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A friend of mine and I are planning a game together to work on in our free time. It's not an extensive game, but it's not a simple one either.

He's working on the story behind the game while I'm working on the graphics and code.

I don't really know where to start with the game. We know what the basic type of game it's going to be and how it would be played, but I'm having a hard time of actually knowing where to begin.

I have Xcode open but I don't really even know what I should be designing first.

What is some advice for this writer's block? Where is a good place to start with a game? Should I design all the graphics and layout before even touching Xcode? Should I program the things I know I'll have difficulty with first before getting to the easy stuff?

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closed as off topic by Noctrine Oct 27 '12 at 3:32

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6 Answers 6

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Start by getting something up and playable. Don't spend more than an hour on graphics, just render the game with rubbish placeholders. Games don't have objective requirements to build to: the key requirement is that it be fun, and evaluating whether a game is fun or not requires playing it; as a result, game design should follow an iterative approach. (I recommend Tom Wujec on the marshmallow challenge as an orientation on iterative design.

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I don't understand why there should be so little emphasis on the graphics. –  OghmaOsiris Oct 5 '11 at 23:26
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@OghmaOsiris: Most games don't have graphics as an intrinsic element of gameplay. Usually, the graphics is just a layer on top of the actual game, that makes it pretty and makes it sell, but isn't fun. Graphics are also really expensive to make. If you've put one hour into the art for your twitch-shooter spaceship game, and then a week later you realize it'll work better as a turn-based fantasy citybuilding game, you haven't lost a lot. If you've spent weeks on that art, you'll either need to throw away work or release an inferior game. –  ZorbaTHut Oct 5 '11 at 23:33
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@OghmaOsiris (continued): Sometimes you're making a game where the art is crucial, and then you'd probably want to do enough art to get a feel for it. Usually you'll know when you're in that situation. –  ZorbaTHut Oct 5 '11 at 23:34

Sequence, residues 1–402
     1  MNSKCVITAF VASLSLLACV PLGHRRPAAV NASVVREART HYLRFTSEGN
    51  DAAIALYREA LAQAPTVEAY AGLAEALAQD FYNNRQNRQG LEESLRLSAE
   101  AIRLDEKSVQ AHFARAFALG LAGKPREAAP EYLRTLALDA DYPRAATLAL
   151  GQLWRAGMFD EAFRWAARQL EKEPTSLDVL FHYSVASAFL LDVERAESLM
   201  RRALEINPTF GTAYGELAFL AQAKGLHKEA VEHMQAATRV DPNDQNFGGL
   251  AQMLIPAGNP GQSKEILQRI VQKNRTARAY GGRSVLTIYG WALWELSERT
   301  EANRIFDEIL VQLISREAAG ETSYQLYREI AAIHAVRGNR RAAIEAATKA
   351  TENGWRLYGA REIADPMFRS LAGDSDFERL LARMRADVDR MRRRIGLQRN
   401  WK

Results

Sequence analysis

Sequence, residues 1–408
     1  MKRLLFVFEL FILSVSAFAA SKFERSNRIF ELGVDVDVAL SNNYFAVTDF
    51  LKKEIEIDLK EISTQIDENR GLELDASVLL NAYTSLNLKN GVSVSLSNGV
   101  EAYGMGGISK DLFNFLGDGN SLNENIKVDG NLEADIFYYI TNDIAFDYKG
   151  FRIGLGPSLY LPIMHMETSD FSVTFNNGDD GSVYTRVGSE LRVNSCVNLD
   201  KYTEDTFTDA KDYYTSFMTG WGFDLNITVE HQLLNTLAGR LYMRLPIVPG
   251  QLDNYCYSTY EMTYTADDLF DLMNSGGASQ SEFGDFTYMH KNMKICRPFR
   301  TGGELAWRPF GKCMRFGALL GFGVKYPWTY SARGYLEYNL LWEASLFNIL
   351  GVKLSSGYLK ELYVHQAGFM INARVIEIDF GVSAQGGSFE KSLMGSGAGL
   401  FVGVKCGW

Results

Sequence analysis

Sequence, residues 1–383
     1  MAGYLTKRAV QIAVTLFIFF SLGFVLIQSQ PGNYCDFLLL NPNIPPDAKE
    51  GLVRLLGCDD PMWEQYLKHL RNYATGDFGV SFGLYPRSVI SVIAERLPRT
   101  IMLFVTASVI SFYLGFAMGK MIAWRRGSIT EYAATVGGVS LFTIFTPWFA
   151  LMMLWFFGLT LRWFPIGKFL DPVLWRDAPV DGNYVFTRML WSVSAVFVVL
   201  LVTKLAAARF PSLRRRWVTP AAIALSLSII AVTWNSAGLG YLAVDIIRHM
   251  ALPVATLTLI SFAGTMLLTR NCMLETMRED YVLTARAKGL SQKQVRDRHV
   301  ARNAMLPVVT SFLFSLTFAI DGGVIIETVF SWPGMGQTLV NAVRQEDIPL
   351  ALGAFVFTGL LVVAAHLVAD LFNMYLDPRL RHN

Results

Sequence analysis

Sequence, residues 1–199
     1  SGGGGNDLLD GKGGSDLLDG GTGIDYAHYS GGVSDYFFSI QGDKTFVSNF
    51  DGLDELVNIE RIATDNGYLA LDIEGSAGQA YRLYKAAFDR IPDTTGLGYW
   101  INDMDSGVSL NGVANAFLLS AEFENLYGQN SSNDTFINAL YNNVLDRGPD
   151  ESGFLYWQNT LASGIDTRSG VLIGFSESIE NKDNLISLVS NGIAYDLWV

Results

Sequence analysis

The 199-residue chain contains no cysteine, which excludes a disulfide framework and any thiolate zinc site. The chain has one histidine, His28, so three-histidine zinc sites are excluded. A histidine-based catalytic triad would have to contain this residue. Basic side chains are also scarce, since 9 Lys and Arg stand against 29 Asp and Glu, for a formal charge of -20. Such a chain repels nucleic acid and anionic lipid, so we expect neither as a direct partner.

@OghmaOsiris, go play Minecraft, or even better, Dwarf Fortress. :) –  Cyclops Oct 6 '11 at 22:41
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Making something appealing takes far longer than implementing the basic functionality and always ends up adding the dreaded "scope creep". In the worst case you project may never get done, causing you to just give up. Don't loose scope of your objectives: Make a game that works! Plugging in graphics after will show a whole lot more accomplished in far less time, especially if you're still trying to figure out where to start. –  Mohgeroth Oct 9 '11 at 4:42
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Create something on paper, and by that I mean make a mock-up board and cut-out pieces. Make rules and play your game on the paper mock-up. Use that to break out your code design into feature sets and modules that you can work on. This process will help your friend design the story and how the game works, too.

You may be tempted to write extra features into your code, avoid that. You are prototyping to see what will work.

Once you have a small piece up and running you should work iteratively and at each iteration get just one more feature running. When something isn't playing well go back and changes features. Keep iterating and changing.

The basic idea is to have the long term vision based on your paper mock-up, and from that a series of short term goals to work on that get you to where you want to go a piece at a time and without the stress of "omg what do I do next?"